In Gens du Lac a man (Christopher Clavert) sits upon a boat (the bow of which is adorned with a large red star) on the shores of Lake Geneva reading from Swiss author Janine Massard’s eponymous 2013 novel about a young fishermen named Paulus, who ferried fleeing political dissenters, persecuted Jewish refugees and others across the lake from a German occupied France. The text begins with a description of Paulus’ initiation into the brotherhood of the fishermen through his father, his contribution to the Resistance during the war and ends with his struggling efforts to found a new left in Lausanne in a post-war conservative Switzerland. As the man reads in his carefully modulated voice (a voice inscrutable, blank) in the background we see the placid expanse of the lake; hear the creak of the boat on the waves; see the ducks swim in and out of the frame; feel the gentle rocking of the boat on the lulling surface of the water. Several times the camera cuts away from the reader to shots of just the lake with the vague shape of mountains fusing seamlessly with sky, sailboats scattered toy-like here and there along the ebullient shore. In such moments it feels as if the lake were speaking through the text, the lake becoming a palimpsest of shifting temporalities, something that becomes accentuated as the rift between the pacific calm of the water in the present and the struggle of Paulus’ resistance in the past described in the text widens. At one moment there is mention of Paulus retrieving flasks from the shores of the lake—an allusion to those who drowned trying to swim across to safety? The image of the lake as a landscape of brave selfless resistance against oppression (Fascist Germany) gradually morphs, as the text details Paulus’ thwarted efforts to continue the fight of the left on the shores back home, to one of political entrenchment. Sudden cuts to black and a close-up of a photograph of a large crowd of demonstrators interrupt the narrative. At the end of the film there occurs a soothingly slow pan back and forth across the lake—a signature camera movement known to anyone familiar with the Straub’s work—with the surface of the water now only seemingly opaque, deceitfully unreadable. It is a moment as enigmatic as it is beautiful, a formal conceit ingrained into Straub’s working DNA. The film’s ascetic elegance, its play between the polarities of seeing versus reading (further complicated if you had to read the German subtitles), how the wave sounds, bird calls and creaking boats are ascribed the same value as the text (so that you’re attention is allowed to wander)—all are signs of Straub’s continued commitment to a cinema of rigorous beauty.
While we’re still on water, I must mention Viktor Kossakovsky’s ecstatic, terrifyingly beautiful film Aquarela. To call it a nature documentary on the very real dangers posed by climate change would be a crude simplification. Kossakovsky, whose previous work I am not familiar with, has made an exploratory visual supra-journey into the different incarnations of water, creating a new mode of seeing, hearing and thinking about this very basic of elements that is as equally crucial to our continued existence on the planet as it is also a threat. There are no talking heads, no safely overarching commentary, just water in all of its instances accompanied at times by operatic surges of heavy metal music. From Lake Baikal in Siberia, whose precariously frozen surface swallows up whole trucks and people, to gigantic ice caps in Greenland floating in astounding silence only to suddenly break apart into alarmingly large chunks, to floods and hurricane waves battering Caribbean islands and the southern U.S., Aquarella overwhelms on a scale I have never quite experienced. The camera moves with ease between the micro and the macro, diving deep underwater one moment to study incredibly up close the underside of ice blocks, its striations and bubble clusters, to capturing the enormous breath-taking scale of these very same blocks above the surface. Watching the film—eyes pulled wide open—you start to think of water, of these ice caps as sentient creatures or as conscious landscapes improvising their own form: a calm surface all of a sudden punctured by an iceberg slowly writhing its body, impossibly slow, out of the water followed by explosive popping sounds. As the film progresses the camera becomes increasingly entranced by the forever changing rhythm of waves, the screen a kind of abstract undulating canvas depicting snowflakes vanishing into the dark depths of the water, and we too get lost in the swell, begin to experience the fear, the loneliness that there is no land in sight.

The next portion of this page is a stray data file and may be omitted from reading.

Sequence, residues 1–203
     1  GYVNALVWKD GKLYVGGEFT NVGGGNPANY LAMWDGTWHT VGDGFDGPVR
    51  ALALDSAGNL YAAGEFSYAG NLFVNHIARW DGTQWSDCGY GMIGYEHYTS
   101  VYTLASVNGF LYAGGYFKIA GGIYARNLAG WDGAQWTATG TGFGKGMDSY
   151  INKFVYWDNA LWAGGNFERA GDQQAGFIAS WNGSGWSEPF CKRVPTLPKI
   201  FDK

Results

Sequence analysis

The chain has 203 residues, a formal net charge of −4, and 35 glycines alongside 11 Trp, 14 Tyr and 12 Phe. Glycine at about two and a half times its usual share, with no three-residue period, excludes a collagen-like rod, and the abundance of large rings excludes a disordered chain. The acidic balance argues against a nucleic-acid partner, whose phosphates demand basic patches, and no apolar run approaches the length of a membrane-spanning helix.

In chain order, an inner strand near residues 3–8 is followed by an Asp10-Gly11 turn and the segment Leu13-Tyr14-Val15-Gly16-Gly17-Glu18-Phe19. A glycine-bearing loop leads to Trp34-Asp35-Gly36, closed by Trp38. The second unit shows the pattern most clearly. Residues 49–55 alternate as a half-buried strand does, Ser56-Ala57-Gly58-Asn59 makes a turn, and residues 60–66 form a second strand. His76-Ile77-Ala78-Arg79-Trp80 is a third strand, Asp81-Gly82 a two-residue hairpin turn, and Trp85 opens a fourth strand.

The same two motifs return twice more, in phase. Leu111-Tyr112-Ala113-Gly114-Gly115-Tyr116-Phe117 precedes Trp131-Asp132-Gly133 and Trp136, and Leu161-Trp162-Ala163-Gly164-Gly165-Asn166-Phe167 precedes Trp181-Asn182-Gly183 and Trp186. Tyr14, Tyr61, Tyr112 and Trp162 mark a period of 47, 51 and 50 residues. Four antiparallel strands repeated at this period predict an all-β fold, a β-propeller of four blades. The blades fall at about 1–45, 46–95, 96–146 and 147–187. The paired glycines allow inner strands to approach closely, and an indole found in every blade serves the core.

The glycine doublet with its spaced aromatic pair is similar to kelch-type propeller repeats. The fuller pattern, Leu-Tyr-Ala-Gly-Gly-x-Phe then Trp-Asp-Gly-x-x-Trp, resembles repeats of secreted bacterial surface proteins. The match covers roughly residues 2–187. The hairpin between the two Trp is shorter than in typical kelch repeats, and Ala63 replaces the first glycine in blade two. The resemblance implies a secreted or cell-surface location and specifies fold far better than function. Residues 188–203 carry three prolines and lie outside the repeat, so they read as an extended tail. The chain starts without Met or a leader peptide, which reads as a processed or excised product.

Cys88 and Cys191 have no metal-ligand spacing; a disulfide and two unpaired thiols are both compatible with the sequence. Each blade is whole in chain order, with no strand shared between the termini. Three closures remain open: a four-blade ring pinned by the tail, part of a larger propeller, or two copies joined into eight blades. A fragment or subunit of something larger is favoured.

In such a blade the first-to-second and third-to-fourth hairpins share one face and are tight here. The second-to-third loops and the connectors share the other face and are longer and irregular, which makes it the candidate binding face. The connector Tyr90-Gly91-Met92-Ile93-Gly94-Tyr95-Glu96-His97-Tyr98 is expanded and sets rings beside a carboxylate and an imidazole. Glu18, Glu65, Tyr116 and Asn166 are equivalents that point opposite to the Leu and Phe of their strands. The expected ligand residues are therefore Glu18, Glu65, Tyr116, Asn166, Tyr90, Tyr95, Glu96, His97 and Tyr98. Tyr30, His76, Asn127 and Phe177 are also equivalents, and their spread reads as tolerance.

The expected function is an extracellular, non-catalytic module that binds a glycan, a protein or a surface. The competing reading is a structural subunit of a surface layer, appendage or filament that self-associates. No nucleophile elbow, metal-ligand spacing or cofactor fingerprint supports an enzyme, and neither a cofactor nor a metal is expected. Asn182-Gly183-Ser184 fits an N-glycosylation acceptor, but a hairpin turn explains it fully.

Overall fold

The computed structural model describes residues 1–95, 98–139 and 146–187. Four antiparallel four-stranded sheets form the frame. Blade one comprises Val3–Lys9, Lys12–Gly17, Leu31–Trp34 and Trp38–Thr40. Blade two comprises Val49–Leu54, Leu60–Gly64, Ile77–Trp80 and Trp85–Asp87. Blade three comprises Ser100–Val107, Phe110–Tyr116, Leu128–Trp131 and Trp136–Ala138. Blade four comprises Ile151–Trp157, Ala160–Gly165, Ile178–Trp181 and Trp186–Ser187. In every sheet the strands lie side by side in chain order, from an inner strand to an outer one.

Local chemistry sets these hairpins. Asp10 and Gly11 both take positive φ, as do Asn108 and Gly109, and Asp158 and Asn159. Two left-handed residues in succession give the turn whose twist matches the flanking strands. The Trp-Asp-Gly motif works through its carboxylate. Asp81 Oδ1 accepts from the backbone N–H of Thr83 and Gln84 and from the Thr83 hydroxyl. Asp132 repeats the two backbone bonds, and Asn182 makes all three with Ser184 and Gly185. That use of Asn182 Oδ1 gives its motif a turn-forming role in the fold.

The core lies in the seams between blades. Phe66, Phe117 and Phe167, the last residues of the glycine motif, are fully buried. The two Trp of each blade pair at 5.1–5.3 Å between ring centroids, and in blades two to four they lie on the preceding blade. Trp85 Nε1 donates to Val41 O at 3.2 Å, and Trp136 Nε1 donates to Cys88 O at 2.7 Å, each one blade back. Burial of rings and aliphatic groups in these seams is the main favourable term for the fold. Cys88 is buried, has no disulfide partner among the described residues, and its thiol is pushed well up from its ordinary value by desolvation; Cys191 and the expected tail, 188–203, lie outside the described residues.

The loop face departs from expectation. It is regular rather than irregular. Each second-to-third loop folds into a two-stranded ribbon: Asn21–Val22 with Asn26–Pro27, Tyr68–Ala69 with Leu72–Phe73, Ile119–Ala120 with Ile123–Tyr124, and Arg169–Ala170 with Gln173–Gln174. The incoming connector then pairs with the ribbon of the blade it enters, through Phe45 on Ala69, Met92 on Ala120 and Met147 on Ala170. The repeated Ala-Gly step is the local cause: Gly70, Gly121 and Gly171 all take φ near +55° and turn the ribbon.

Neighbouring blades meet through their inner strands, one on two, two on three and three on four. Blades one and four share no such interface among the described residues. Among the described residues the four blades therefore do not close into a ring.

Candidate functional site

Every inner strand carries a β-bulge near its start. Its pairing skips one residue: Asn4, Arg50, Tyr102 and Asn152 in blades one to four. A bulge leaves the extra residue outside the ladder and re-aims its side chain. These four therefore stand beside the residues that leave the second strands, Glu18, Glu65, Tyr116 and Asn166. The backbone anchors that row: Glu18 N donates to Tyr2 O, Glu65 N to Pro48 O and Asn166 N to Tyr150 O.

The film is full of jolting shifts in perspective that interrupt the sensation of being swept away at sea, such as the sudden change in location to a sailboat braving waves that literally threaten to inundate the screen, or the appearance of dolphins swimming just below the surface of the cobalt blue ocean. One of the most physically felt series of cuts that I experienced during any screening was when, without warning, the film cuts from a towering wave crashing down—the booming sound of the surf combined with heavy metal music vibrating the cinema—to a pair of dog legs underwater, to a tracking shot of downtown Miami lashed by hurricane winds and rain, streets flooded and littered with palm trees. It is moment that I can only describe as ‘awesome’ in the true sense of the word. Kossakovsky’s fascination with water, its study in all of its forms, from frozen ice to flooding cities, has produced a boundary pushing work of images and sounds that does not fall back on readymade formulations about climate change, but one that exists beyond language, where the ineffable joins with the apocalyptic.
Invest in Failure (Notes on Film 06-C, Monologue 03)